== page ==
Smart homes, IoT devices, wearables, and ever-present screens combine to produce an interface between open-source humans and the homes that shield them from disease and a slowly deteriorating climate. At the same time, it’s worth remembering that every tool is “smart,” and that even a screwdriver is an artificial intelligence of a sort — that is, an idea that became a thing. The Leatherman Tread LT is beautiful, but its mystique is not reducible to functionality. The 29 miniature tools encoded in this modular metal bracelet makes it a worthy nomination for a 2020 time capsule. Alien or future-human archeologists might study it to figure out what kind of creature would carry a bottle opener, an oxygen tank wrench, multiple screwdrivers, a sim card opener, and a tungsten carbide glass breaker. That would be us.
Clothing is a Spacesuit You Wear Every Day
The term cyborg — short for “cybernetic organism” — was coined in a 1961 essay titled “Drugs, Space, and Cybernetics” in the journal Astronautics. The text argued that rather than adapting space for humans, we should adapt humans for space. It was written by two scientists, Nathan Kline and Manfred Clynes, just three years after NASA was founded, and proposed we modify the human organism with technology and drugs to manage and control itself in inhospitable conditions like those of outer space. To date, sadly, we remain highly vulnerable not only to marauding parasites, but to cold, heat, toxic fumes, malnutrition, and exhaustion. Yet modest domestic augmentations such as the Circadian Optics Therapy Lamp or the NormaTec PULSE 2.0 leg recovery system remain faithful to the adaptive spirit of Kline and Clynes. One offers UV-free LED light to calibrate the homeostatic rhythms that determine sleep, focus, mood, and fatigue, while the other provides a pulsing compression massage to warm-up or recover from sport and injury... or long walks performed out of fear of mass transit.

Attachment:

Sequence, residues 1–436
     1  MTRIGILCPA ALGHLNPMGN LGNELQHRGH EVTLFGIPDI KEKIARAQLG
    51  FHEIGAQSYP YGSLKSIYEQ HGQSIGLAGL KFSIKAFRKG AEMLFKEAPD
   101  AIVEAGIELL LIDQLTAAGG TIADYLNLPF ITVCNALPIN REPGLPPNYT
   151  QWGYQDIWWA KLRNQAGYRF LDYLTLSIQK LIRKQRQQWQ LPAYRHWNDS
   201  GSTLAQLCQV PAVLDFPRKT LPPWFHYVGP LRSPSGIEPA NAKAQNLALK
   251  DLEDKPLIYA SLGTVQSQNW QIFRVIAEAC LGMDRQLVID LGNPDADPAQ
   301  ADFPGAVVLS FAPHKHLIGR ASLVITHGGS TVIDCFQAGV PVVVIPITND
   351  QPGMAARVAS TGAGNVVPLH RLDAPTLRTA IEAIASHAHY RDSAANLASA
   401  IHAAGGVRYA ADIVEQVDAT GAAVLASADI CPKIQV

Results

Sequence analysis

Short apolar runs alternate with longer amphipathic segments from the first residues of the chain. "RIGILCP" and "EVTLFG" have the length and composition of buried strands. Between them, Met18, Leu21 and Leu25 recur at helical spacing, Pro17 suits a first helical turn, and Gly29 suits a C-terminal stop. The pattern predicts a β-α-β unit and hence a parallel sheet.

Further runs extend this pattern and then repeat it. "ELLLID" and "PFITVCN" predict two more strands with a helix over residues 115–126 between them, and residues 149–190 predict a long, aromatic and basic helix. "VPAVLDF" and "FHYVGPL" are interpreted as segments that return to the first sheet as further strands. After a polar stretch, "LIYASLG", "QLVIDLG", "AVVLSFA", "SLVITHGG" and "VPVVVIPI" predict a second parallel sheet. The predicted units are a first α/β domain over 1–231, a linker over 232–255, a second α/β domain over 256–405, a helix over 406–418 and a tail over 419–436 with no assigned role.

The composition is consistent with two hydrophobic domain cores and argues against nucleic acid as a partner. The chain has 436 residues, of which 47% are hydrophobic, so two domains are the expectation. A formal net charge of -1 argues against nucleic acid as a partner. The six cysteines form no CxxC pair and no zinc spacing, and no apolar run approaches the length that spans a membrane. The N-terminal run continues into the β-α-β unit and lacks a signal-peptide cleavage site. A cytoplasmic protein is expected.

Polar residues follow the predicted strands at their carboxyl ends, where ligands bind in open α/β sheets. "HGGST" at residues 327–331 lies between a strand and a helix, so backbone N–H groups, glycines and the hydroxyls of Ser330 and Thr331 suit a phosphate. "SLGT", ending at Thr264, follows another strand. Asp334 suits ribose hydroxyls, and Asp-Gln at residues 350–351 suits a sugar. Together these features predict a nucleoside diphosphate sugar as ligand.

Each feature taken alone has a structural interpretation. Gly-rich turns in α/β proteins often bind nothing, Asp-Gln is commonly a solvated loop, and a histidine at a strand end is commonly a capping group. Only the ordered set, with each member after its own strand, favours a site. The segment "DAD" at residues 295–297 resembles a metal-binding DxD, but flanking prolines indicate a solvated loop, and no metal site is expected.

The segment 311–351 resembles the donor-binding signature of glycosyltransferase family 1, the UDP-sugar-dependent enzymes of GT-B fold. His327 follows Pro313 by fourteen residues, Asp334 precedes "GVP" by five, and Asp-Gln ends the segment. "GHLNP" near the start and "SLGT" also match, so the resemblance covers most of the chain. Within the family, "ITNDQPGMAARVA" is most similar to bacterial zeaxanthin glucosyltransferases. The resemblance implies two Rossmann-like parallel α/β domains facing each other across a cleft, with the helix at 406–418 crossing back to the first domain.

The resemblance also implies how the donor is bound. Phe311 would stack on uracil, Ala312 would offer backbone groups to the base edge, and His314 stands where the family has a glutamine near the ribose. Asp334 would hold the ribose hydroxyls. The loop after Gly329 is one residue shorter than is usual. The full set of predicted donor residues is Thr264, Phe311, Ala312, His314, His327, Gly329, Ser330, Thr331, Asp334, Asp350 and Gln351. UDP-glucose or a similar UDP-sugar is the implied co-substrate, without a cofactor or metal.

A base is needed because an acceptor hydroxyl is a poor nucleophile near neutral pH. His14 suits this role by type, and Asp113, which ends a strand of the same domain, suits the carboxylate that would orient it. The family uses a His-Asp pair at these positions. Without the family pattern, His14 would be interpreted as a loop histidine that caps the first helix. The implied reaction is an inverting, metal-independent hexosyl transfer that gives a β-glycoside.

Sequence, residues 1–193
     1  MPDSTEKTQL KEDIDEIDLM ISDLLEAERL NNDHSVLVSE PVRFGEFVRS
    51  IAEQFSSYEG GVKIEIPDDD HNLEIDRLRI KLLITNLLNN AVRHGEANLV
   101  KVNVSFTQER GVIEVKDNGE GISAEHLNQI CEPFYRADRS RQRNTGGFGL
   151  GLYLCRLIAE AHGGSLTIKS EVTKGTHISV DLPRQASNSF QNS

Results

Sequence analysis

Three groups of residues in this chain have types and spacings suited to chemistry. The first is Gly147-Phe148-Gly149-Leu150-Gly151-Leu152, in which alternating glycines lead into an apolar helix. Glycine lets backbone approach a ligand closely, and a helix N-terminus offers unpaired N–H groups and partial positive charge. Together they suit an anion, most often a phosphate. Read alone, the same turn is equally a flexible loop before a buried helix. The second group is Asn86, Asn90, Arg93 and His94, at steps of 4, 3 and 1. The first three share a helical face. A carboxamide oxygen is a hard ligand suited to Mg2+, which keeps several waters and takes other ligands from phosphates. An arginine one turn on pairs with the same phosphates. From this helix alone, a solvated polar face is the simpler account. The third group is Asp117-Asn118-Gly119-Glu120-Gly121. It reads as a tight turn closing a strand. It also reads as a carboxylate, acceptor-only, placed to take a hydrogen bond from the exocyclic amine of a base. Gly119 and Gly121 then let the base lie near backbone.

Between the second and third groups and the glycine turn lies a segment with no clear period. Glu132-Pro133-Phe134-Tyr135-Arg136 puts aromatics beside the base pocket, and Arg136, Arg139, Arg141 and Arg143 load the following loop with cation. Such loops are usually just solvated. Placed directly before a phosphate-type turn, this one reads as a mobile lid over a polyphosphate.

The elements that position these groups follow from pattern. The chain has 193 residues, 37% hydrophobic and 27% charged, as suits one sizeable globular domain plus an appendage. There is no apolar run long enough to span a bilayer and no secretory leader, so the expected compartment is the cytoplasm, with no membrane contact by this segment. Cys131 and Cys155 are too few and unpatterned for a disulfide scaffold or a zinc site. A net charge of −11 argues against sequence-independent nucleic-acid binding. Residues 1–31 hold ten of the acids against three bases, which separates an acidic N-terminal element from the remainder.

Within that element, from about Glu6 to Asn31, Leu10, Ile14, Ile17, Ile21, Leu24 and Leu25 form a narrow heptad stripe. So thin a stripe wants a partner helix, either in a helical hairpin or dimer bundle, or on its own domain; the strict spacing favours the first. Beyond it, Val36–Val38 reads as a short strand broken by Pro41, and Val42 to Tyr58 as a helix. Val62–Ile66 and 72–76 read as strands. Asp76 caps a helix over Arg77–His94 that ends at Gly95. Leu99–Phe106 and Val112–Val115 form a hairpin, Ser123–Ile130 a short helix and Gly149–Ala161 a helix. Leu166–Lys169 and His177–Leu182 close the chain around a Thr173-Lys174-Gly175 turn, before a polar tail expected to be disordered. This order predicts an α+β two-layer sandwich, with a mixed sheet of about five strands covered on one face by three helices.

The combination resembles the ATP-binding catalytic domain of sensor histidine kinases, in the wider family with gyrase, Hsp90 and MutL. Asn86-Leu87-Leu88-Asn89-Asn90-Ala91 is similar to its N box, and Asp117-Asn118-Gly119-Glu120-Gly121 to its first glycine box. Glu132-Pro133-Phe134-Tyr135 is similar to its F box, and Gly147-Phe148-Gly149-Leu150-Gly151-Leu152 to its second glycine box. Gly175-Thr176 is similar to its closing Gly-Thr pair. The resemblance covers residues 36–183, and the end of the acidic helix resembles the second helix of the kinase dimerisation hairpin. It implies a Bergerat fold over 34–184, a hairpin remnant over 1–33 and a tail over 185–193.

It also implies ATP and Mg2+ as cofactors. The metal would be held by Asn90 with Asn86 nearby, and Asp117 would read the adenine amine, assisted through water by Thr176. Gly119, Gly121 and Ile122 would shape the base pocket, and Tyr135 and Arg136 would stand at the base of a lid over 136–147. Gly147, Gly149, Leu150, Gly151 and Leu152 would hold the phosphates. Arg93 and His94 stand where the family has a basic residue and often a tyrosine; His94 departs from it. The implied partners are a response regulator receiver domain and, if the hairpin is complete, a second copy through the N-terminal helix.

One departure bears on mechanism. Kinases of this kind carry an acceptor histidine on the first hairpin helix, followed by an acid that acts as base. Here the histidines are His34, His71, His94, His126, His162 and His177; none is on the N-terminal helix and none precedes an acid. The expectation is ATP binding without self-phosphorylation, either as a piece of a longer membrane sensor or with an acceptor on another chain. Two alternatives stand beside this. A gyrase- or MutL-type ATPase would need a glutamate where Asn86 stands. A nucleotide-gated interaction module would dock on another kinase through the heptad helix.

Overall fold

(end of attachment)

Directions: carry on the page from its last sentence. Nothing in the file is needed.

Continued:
Our clothes dictate the way we interact with the city — whether we have lightweight technical apparel that lets us move around in the rain, or the right shoes to be permitted in a fancy restaurant. If you do need to venture beyond your personal quarantine, a new range of artificial skins and protective measures have been adapted to fit your personal spacesuit. The flashlight beanie from workwear giant CAT sees the incorporation of headlamps — a practical must for everyone from fishermen to security guards — in colorways more familiar from streetwear. While it may feel like the year has been stolen from under us, the planet continues to turn, and seemingly benign snowsport accessories like an Arc’teryx gaiter have now become interwoven within the context of global crisis. Lastly, one of the weirder pickings from the twilight zone of design-by-algorithm is silicone slip-ons which fold over your creps during quick missions to the pharmacy.
In-Sourcing the Weekend
A notable aspect of Covid-19 has been the way it has either accelerated pre-existing social changes or just made them stranger. Human habitats were already being transformed by the Internet, reconstituted as command centers to which all manner of human necessities are delivered to the home, like a contact-free emotional pizza. YouTube yogis, cam girls and boys, online tutors, cultural producers, and the armies of WFH regulars became prophets for a new way of life. And as businesses adapted to remote work at lightning speed, we began to create a sharper idea of what an online weekend could look like.